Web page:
Are Brazilian youth offenders getting "the worst of both worlds"?: The Superior Court of Justice's interpretation of the Statute of the Child and Adolescent
Brazilian Statute of the Child and Adolescent is considered a reference among youth justice professionals and scholars. However, they claim the judiciary fails to enforce the Statue. According to them, youth offenders receive harsh punishment and have little procedural protection. This situation is known as the "worst of both worlds", because it means youth are treated with the historical informality that has guided juvenile justice, while simultaneously being punished in a harsher fashion (especially with incarceration), as is the tendency in adult justice. Thus, both the historical rehabilitative approach of youth justice and the procedural protection of the adult system are rejected. As the Superior Court of Justice (SCJ) usually has the final word in the interpretation of the Statute, this presentation examines the Court's 43 youth justice landmark decisions. It aims at determining if the SCJ does reject petitioners' claims in both procedural and substantive cases. Also, it assesses if decisions' outcomes vary according to the seriousness of cases and the solution the Statute presents to cases. In order to do so, an adaptation of qualitative compared analysis is employed.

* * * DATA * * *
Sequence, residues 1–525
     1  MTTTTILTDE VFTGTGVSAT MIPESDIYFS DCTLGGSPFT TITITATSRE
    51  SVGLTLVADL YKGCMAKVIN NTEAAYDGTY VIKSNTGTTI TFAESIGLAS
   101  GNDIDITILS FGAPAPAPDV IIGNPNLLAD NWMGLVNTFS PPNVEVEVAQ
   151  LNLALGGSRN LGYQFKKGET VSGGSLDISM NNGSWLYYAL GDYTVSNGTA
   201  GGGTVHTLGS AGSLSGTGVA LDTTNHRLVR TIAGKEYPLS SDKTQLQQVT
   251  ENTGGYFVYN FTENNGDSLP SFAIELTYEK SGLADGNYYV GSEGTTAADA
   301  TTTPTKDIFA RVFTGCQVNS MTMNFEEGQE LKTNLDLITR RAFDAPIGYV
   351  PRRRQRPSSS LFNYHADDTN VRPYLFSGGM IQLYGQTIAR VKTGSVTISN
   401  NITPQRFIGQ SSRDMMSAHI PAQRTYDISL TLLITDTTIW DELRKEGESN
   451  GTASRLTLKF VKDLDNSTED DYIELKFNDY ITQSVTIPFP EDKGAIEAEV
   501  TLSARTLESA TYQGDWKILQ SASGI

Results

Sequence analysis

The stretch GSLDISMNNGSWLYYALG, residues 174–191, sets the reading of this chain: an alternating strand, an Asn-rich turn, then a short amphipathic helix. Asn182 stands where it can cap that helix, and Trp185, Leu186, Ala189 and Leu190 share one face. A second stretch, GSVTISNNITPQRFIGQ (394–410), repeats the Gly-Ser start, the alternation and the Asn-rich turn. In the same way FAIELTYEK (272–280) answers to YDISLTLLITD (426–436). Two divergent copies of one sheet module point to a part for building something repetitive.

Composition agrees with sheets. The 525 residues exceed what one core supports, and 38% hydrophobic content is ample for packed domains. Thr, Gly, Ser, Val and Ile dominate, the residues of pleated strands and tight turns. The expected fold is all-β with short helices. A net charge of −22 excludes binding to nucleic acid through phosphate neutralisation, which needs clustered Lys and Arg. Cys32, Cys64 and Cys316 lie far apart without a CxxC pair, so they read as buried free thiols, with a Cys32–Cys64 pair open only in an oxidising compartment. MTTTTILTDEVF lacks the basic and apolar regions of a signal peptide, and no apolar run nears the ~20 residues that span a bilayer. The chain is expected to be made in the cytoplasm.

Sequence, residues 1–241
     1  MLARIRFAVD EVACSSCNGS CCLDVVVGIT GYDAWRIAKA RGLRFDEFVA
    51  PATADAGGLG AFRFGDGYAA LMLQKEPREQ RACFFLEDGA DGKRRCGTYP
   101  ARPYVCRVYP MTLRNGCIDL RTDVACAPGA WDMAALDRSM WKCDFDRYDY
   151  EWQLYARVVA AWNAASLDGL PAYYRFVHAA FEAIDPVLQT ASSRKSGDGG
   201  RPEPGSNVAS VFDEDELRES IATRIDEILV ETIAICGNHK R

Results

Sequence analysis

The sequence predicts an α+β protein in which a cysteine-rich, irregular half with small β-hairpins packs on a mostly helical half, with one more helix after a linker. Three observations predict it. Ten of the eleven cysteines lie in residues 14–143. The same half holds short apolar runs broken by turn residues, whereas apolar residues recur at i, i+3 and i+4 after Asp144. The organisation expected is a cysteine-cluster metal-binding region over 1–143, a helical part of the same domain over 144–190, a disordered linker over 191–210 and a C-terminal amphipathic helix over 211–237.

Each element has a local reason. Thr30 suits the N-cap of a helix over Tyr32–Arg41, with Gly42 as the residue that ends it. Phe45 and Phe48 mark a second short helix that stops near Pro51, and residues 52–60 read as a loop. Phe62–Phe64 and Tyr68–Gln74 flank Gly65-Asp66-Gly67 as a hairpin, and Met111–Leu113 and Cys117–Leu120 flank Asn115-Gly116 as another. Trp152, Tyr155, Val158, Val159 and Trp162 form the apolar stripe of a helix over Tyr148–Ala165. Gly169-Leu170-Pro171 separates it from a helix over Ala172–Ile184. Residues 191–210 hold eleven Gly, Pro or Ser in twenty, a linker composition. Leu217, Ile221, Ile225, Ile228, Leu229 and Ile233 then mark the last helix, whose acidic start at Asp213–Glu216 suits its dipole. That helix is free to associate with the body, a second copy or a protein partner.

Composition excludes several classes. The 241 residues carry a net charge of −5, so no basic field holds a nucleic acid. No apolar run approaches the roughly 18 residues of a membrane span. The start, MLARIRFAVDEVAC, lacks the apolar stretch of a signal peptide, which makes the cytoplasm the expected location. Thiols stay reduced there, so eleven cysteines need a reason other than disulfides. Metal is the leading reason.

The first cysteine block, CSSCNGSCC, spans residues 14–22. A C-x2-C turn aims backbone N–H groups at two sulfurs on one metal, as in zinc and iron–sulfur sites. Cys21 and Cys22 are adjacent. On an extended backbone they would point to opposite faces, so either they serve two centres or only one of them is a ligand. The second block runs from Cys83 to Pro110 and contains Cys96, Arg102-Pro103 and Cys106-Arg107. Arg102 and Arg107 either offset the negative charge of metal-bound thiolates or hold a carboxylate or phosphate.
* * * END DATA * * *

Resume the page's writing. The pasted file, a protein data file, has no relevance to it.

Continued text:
Eduardo Gutierrez Cornelius is finishing his M.A. at the University of Sao Paulo's Sociology Department. He has a law degree from the Federal University of Rio Grande do Sul, where he worked in the Law School's Pro Bono Program, providing legal services to court-‐involved youth.